Obama will address the joint session of Indian Parliament during this visit. In 2006, rising political temperature in India meant that Bush did not get the same honour. Bush spoke to a select audience under shadow of the old fort in Delhi. Most Indian’s who heard that speech felt convinced that George W Bush truly believed in India’s democracy. The shared values of democracy, tolerance and pluralism were not mere clich├ęs, but ideals that Bush and Manmohan Singh really believed in, and were convinced that the other truly shared that belief. In the context of emergence of international terrorism, the political significance of the democracy agenda had been greatly enhanced, and stood in sharp contrast.

Once that kind of relationship is established, almost all political obstacles can be overcome. Manmohan Singh and the Congress party leadership were completely vindicated when the parties that had opposed the new Indo-US camaraderie lost heavily in the 2009 general election. This is why the Indian prime minister had unusually warmly received Bush even after he had demitted office.

Obama had come to the world stage capturing the imagination of the people with his inspiring ‘Yes we can’ theme. Yet, he seems to lack the broad political vision that unites many people for a common purpose. Consequently, Obama, who won promising bipartisanship in domestic affairs, has now polarized the Americans as much as Bush or Bill Clinton. Internationally, Obama’s personal approval rating is still high, but over the past years his charisma has lost a lot of shine.

Obama’s lack of unifying vision could be on display during his maiden trip to India. To his credit, he is the first US leader to come to India so early in his term. If reelected in 2012, Obama may have an opportunity to come to India again, and perhaps he would discover his own vision by then. But this time, it is clear that in two years India and the US have drifted apart on a whole range of issues.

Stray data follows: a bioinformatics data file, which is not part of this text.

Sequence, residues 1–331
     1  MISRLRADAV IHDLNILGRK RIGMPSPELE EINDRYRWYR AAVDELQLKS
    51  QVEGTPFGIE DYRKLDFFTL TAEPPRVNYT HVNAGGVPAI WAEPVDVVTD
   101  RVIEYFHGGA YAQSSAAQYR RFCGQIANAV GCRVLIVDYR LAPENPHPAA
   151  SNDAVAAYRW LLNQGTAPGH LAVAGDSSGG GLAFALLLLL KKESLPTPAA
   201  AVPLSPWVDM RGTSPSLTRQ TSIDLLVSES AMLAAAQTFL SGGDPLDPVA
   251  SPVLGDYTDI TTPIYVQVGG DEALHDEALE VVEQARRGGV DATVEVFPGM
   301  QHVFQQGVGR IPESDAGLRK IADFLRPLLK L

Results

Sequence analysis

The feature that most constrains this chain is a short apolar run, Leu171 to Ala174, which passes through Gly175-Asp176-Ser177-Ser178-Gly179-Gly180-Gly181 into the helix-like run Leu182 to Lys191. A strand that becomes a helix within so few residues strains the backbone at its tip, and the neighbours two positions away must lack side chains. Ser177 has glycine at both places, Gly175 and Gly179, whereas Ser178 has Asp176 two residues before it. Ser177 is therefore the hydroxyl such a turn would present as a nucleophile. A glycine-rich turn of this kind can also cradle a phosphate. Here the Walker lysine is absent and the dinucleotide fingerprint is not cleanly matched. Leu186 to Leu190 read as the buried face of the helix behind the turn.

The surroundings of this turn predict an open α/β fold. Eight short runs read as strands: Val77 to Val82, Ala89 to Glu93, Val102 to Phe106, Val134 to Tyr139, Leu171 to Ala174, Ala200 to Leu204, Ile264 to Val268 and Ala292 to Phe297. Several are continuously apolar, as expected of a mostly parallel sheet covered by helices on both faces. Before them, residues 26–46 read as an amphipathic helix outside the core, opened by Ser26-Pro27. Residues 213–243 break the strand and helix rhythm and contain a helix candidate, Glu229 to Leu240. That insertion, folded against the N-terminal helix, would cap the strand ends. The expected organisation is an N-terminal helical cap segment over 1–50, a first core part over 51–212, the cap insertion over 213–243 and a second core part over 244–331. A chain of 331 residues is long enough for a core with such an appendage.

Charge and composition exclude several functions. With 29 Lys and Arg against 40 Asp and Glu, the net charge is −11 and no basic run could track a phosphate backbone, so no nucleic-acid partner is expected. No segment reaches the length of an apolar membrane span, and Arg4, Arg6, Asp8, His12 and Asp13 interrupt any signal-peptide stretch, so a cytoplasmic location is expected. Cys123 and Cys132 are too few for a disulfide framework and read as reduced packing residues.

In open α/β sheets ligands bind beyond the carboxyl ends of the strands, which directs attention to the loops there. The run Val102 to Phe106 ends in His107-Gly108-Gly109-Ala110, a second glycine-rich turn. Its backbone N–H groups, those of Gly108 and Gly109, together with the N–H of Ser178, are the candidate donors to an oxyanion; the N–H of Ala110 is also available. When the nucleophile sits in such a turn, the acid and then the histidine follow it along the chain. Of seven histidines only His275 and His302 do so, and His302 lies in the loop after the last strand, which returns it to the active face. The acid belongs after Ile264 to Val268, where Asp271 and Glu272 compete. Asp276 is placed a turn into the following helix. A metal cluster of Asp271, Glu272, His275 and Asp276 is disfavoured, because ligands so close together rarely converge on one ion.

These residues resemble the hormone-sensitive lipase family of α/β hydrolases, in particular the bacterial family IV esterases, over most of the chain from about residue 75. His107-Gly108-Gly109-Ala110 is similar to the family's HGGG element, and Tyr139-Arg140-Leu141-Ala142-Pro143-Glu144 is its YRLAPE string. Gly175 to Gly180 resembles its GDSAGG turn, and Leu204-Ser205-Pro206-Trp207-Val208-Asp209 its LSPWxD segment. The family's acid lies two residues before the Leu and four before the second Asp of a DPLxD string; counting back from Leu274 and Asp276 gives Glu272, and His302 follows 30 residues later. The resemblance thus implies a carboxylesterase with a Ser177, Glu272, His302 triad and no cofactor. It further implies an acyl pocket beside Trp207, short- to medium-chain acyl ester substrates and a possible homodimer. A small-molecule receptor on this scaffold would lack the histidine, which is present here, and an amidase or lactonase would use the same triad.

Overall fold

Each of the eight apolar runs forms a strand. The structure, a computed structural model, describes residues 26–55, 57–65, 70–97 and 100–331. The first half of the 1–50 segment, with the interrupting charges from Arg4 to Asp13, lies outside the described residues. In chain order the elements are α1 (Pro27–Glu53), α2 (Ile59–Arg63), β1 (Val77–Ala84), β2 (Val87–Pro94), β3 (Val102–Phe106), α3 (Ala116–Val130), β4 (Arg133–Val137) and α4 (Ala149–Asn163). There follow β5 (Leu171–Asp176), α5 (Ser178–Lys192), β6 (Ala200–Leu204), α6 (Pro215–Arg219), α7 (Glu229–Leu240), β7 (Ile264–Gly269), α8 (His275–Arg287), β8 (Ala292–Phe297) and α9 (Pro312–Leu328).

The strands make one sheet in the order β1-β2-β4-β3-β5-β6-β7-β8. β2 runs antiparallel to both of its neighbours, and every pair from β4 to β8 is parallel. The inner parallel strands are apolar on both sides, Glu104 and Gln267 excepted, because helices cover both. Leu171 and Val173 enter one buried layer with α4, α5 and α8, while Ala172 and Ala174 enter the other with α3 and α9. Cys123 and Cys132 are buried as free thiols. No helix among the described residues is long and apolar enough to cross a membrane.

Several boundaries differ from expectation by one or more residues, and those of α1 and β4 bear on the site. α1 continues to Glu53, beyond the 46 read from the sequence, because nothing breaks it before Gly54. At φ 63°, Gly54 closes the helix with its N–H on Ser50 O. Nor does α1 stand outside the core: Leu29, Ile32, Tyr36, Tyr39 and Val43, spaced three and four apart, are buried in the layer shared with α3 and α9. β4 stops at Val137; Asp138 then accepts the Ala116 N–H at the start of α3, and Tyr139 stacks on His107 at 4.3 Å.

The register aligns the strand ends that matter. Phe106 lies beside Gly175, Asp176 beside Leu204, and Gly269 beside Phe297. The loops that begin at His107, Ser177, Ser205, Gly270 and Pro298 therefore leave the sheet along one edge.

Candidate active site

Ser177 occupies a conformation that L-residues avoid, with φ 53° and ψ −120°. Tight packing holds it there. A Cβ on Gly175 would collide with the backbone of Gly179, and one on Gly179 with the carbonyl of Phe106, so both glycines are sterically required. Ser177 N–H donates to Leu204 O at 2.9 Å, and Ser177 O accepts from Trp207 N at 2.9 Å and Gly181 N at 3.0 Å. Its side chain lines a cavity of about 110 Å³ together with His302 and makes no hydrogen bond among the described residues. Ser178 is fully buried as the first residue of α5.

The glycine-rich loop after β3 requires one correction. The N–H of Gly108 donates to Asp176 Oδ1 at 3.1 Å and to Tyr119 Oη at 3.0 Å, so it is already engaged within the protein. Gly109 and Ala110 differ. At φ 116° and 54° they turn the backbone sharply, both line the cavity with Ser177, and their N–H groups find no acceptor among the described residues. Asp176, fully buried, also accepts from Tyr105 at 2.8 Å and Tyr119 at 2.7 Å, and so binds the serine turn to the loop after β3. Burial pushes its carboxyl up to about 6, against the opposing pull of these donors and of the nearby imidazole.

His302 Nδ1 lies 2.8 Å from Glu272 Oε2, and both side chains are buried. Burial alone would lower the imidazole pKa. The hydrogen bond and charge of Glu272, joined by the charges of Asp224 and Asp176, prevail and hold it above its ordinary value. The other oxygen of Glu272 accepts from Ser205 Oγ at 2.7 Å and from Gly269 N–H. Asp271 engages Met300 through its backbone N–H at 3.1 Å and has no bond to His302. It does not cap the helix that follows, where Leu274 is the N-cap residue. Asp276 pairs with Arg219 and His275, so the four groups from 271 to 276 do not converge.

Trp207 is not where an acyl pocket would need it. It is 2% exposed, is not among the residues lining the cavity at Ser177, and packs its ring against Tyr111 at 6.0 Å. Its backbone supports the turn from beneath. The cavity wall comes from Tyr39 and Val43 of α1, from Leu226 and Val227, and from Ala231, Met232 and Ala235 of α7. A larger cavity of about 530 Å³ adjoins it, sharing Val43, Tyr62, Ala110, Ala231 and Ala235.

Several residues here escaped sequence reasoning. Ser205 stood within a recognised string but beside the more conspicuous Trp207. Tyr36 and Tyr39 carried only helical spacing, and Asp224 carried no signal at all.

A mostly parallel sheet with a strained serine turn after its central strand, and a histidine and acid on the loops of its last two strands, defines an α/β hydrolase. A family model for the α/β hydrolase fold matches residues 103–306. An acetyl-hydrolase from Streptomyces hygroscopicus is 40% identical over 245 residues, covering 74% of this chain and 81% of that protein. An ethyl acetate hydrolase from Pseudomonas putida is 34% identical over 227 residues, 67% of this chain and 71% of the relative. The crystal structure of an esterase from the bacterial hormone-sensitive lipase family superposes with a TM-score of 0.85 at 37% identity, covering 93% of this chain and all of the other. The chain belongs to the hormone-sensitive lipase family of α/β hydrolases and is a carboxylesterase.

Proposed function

Obama has three key issues on his international agenda – Af-Pak, the Yuan-US dollar exchange rate, and climate change. In none of them the two sides share a common perspective. Either the US administration does not see any significant role for India, as in Af-Pak, or the Indian priorities are different as in climate change.

When Bill Clinton visited India in 2000, the reception was euphoric. A lot of Indians saw the first visit by an US president after a gap of 20 years, following the economic reforms of the 1990s, as an indication of India’s emergence on the global stage. But in the aftermath of India exploding nuclear devices in 1998, Clinton hardly had anything tangible to offer to India.

In 2006, Bush visited India amidst very polarized conditions, experiencing eulogies from one side of the political spectrum, and extreme political hostility from another. Indian democracy with its attendant debate, dissent and dirt were in full display.

Obama’s lack of broad vision for this trip has meant that he has failed to attract enthusiastic supporters, nor energized the traditional detractors of US policies. For the leader of the oldest and the second largest democracy in the world, the trip to the largest and vibrant democracy, is likely to turn in to a damp squib.
You may read the complete article on our website In Defence of Liberty.